Code Corner: NEC Calculations

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Schematic for Independent Source Circuits
Schematic for independent source circuits
Schematic for rooftop combiner
Schematic for rooftop combiner
Schematic for Independent Source Circuits
Schematic for rooftop combiner

“Code Corner” in HP159 and HP161 detailed the requirements for circuit sizing and overcurrent protection under the 2014 National Electrical Code (NEC). Here are some example calculations to bring that Code language to life. For those who use the 2011 NEC, don’t worry—the calculations are the same.

If you’re rusty on the “whys” behind the calculations, consider reviewing those previous “Code Corner” articles to understand the background information. The calculation examples use:

  • 72-cell, 310 W module; 45.4 Voc, 9.28 A Isc, and 15 A maximum series fuse rating
  • Four PV source circuits connected to a single string inverter
  • The location is Sacramento, California, with an ASHRAE 2% average high temperature of 38°C
  • Exposed rooftop conduit is 2 inches above the roof surface
    The effective temperature inside raceway [from Table 310.15(B)(3)(c)] = 38°C + 22°C = 60°C
    The 90°C conductor insulation correction factor for 60°C from Table 310.15(B)(2)(a) is 0.71
  • The temperature of conductors that run through the attic space is estimated at 55°C
    The 90°C conductor insulation correction factor for 55°C from Table 310.15(B)(2)(a) is 0.76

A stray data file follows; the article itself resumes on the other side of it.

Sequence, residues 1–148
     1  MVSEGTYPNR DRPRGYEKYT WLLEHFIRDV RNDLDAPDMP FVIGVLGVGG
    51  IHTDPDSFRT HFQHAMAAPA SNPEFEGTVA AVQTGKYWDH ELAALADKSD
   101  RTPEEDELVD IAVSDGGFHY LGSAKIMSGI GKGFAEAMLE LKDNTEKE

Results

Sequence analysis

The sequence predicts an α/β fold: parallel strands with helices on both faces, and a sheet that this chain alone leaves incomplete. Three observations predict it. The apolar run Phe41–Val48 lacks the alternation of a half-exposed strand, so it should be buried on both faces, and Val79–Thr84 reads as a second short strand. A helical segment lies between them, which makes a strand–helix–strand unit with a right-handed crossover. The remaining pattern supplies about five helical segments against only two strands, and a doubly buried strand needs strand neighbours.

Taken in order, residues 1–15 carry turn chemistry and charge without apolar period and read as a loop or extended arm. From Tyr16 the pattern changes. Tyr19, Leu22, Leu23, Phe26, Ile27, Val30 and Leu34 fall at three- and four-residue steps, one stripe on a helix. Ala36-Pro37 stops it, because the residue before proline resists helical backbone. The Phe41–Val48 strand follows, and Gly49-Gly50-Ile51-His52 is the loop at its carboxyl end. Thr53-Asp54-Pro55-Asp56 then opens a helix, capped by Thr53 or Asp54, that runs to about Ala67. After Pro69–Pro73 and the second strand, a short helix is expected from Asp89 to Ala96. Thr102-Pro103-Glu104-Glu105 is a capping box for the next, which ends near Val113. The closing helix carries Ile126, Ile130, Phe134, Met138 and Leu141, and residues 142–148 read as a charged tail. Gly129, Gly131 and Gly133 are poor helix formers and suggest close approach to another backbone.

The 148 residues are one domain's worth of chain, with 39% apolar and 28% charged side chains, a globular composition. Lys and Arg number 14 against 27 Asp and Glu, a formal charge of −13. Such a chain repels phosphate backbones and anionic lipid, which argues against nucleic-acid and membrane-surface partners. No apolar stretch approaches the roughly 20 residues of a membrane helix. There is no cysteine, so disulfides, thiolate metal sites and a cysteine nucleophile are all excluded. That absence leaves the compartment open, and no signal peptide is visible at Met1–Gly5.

• All terminals located in junction and combiner boxes are rated for 75°C
  • All exposed conductors are PV wire and rated at 90°C; all conductors within raceways are THWN-2 and rated at 90°C
  • With four source circuits, there are eight current-carrying conductors in the raceway, and the correction factor is 70% from Table 310.15(B)(3)(a).

Comments (1)

Robert Pollock_2's picture

I just installed a 5.1 kw PV system with SolarEdge 7600 Inverter plus LG Chem Resu 10 battery. The City rejected my Single Line Drawing concerning the above calculations. (cut and pasted from solaredge.com)
Now we're headed to court, to get an injunction to force them to inspect and sign off. The system uses Optimizers because it's the best set up for hot places (Palm Springs) and the wire's were all sized to the maximum that the conduits can accept, which is code and over code regarding the ground wire (#8 used) I re-built the roof under the system (couldn't afford to do the whole roof) by removing the heat absorbing tiles and replacing them with a radiant barrier, airspace and a reflective, light weight, energy dispersing steel roof, with a continuous air vent at the top. The electrical engineer who disapproved the plan didn't like one detail, so small I forget what it was. My reason for getting a court injunction, is mostly to make permit acquisition for homeowners easier, and suggests that the engineer could have flagged the deficiency, so the inspector would be sure it was addressed. Thus facilitating the process, not impeding it.

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